Sex differences in longitudinal personality stability in chimpanzees
Cite this dataset
Rawlings, Bruce et al. (2020). Sex differences in longitudinal personality stability in chimpanzees [Dataset]. Dryad. https://doi.org/10.5061/dryad.xksn02vc0
Personality factors analogous to the Big Five observed in humans are present in the great apes. However, few studies have examined the long-term stability of great ape personality, particularly using factor-based personality instruments. Here, we assessed overall group, and individual-level, stability of chimpanzee personality by collecting ratings for chimpanzees (N = 50) and comparing them to ratings collected approximately 10 years previously, using the same personality scale. The overall mean ratings of three of the six factors differed across the two time points. Sex differences in personality were also observed, with overall sex differences found for three traits, and males and females showing different trajectories for two further traits over the 10-year period. Regardless of sex, rank-order stability analysis revealed strong stability for dominance; individuals who were dominant at the first time point were also dominant 10 years later. The other personality factors exhibited moderate-to-weak rank-order stability indicating that individuals were variable in their rank-position consistency over time. As many studies assessing chimpanzee cognition rely on personality data collected several years prior to testing, these data highlight the importance of collecting current personality data when correlating them with cognitive performance.
Chimpanzees were rated on a seven-point Likert scale instrument measuring six overall traits; agreeableness, dominance, extraversion, methodical, openness and reactivity/undependability. The scale was generated from data collected on the NCCC chimpanzees across a two-stage process between April 2006 and December 2008 (Freeman et al. 2013). Ratings for T1 (2006-2008) and T2 (September 2015-December 2016), were collected during weekly staff meetings. Raters were either care-staff or supervisory staff, all of whom had worked daily with the chimpanzees for at least six months. At T1, the 17 raters had worked with the chimpanzees for 6 months-21 years, and rated 8 to 10 chimpanzees each week as part of a study investigating personality in a larger number of the NCCC chimpanzees (Freeman et al. 2013). At T2 the 8 raters had worked with the chimpanzees for 6 months-19 years and rated three to five chimpanzees each week. Four raters were present at both T1 and T2, providing some consistency in raters across time points. All raters were instructed to rate chimpanzees based on their overall experience of a chimpanzees’ typical behaviours and interactions, rather than specific and/or recent experiences, and were explicitly instructed not to discuss ratings with each other.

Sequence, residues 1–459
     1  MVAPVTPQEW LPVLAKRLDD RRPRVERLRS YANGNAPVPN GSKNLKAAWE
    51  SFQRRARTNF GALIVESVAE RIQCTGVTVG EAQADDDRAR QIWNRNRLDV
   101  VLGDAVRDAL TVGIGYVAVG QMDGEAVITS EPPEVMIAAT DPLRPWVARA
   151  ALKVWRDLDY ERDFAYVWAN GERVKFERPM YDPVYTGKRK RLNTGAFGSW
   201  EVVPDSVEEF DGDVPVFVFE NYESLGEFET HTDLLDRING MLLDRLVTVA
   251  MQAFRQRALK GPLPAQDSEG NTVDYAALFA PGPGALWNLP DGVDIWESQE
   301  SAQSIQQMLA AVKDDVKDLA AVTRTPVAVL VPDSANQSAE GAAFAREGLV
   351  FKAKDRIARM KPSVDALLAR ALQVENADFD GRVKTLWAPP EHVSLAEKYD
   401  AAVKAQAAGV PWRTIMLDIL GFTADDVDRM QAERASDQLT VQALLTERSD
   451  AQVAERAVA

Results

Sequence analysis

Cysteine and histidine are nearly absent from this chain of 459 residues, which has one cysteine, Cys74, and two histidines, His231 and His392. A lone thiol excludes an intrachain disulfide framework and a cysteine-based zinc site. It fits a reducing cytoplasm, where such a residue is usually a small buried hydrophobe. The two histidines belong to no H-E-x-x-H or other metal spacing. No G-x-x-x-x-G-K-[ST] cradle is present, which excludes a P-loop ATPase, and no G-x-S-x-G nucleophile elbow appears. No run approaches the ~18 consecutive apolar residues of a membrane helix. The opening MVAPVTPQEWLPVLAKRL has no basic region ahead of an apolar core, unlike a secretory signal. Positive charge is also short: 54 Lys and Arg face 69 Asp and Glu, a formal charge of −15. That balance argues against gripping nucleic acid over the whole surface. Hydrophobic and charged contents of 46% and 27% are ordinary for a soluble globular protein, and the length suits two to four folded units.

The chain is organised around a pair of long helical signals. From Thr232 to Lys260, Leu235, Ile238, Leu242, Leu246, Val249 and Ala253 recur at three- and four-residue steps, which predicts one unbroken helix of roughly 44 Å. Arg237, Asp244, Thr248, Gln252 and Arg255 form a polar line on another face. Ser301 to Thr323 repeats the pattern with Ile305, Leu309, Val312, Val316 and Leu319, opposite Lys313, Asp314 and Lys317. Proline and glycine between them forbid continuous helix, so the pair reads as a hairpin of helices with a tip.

We analysed mean-rank stability, rank-order stability and a Reliable Change Index (RCI). Mean-rank stability was calculated by comparing overall mean scores for each of the six traits at T1 and T2. The mean ratings of personality were assessed at T1 and T2 such that if a mean rating of a trait changed from (for example) 4.1 to 4.6, this would represent an increase of 0.5 on the scale. Mixed effects ANOVAs were conducted; the two time points were the within-subjects independent variable, sex was the between-subjects independent variable, and personality rating was the dependent variable. To calculate rank-order stability, we examined correlations between individuals across the two rating periods. The RCI is used to distinguish individual change that is statistically significant from change that may have occurred due to measurement error. For each individual subject, the difference in ratings from T2-T1 were compared to the distribution of change scores expected solely by measurement error (RCI = (T2 score -T1 score)/standard error of the measurement of the difference. Using a 95% confidence interval, for each factor individuals were classified as having either ‘increased’, ‘decreased’, or stayed the ‘same’.
There are no missing values. The dataset provides the mean scores per factor, for all study subjects. For sex 1 = males, 2 = females. T1 refers to the intial data collection (April 2006-December 2008, by Freeman et al. 2013). T2 refers to the ratings collected between (September 2015-December 2016).
The T1 reference is:
Freeman, H., Brosnan, S. F., Hopper, L. M., Lambeth, S. P., Schapiro, S. J., & Gosling, S. D. (2013). Developing a comprehensive and comparative questionnaire for measuring personality in chimpanzees using a simultaneous top-down/bottom-up design. American Journal of Primatology, 75(10), 1042–1053. https://doi.org/10.1002/ajp.22168
Economic and Social Research Council, Award: 1449189